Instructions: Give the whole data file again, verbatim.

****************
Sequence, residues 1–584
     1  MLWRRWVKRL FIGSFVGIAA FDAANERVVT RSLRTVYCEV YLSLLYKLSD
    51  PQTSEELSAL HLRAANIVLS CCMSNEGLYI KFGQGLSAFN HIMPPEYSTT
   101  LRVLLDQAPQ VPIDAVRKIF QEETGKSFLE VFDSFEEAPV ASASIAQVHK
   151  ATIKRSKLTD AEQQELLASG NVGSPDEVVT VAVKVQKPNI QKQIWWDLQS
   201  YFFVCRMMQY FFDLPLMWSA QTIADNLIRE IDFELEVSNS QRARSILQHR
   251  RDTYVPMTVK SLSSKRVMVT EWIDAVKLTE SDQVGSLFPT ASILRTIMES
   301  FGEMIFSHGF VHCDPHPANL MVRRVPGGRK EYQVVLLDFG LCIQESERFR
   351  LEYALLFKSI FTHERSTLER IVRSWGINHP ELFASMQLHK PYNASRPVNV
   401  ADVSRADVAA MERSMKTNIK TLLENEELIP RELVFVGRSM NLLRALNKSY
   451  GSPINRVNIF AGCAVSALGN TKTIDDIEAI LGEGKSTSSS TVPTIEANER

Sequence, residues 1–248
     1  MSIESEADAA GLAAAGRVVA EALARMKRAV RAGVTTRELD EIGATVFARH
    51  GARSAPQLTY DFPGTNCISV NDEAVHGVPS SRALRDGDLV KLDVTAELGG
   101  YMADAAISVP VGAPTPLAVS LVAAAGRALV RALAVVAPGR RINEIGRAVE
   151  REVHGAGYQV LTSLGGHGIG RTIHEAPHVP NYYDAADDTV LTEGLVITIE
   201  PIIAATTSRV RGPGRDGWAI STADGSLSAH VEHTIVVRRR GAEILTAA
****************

Sequence, residues 1–584
     1  MLWRRWVKRL FIGSFVGIAA FDAANERVVT RSLRTVYCEV YLSLLYKLSD
    51  PQTSEELSAL HLRAANIVLS CCMSNEGLYI KFGQGLSAFN HIMPPEYSTT
   101  LRVLLDQAPQ VPIDAVRKIF QEETGKSFLE VFDSFEEAPV ASASIAQVHK
   151  ATIKRSKLTD AEQQELLASG NVGSPDEVVT VAVKVQKPNI QKQIWWDLQS
   201  YFFVCRMMQY FFDLPLMWSA QTIADNLIRE IDFELEVSNS QRARSILQHR
   251  RDTYVPMTVK SLSSKRVMVT EWIDAVKLTE SDQVGSLFPT ASILRTIMES
   301  FGEMIFSHGF VHCDPHPANL MVRRVPGGRK EYQVVLLDFG LCIQESERFR
   351  LEYALLFKSI FTHERSTLER IVRSWGINHP ELFASMQLHK PYNASRPVNV
   401  ADVSRADVAA MERSMKTNIK TLLENEELIP RELVFVGRSM NLLRALNKSY
   451  GSPINRVNIF AGCAVSALGN TKTIDDIEAI LGEGKSTSSS TVPTIEANER

Sequence, residues 1–248
     1  MSIESEADAA GLAAAGRVVA EALARMKRAV RAGVTTRELD EIGATVFARH
    51  GARSAPQLTY DFPGTNCISV NDEAVHGVPS SRALRDGDLV KLDVTAELGG
   101  YMADAAISVP VGAPTPLAVS LVAAAGRALV RALAVVAPGR RINEIGRAVE
   151  REVHGAGYQV LTSLGGHGIG RTIHEAPHVP NYYDAADDTV LTEGLVITIE
   201  PIIAATTSRV RGPGRDGWAI STADGSLSAH VEHTIVVRRR GAEILTAA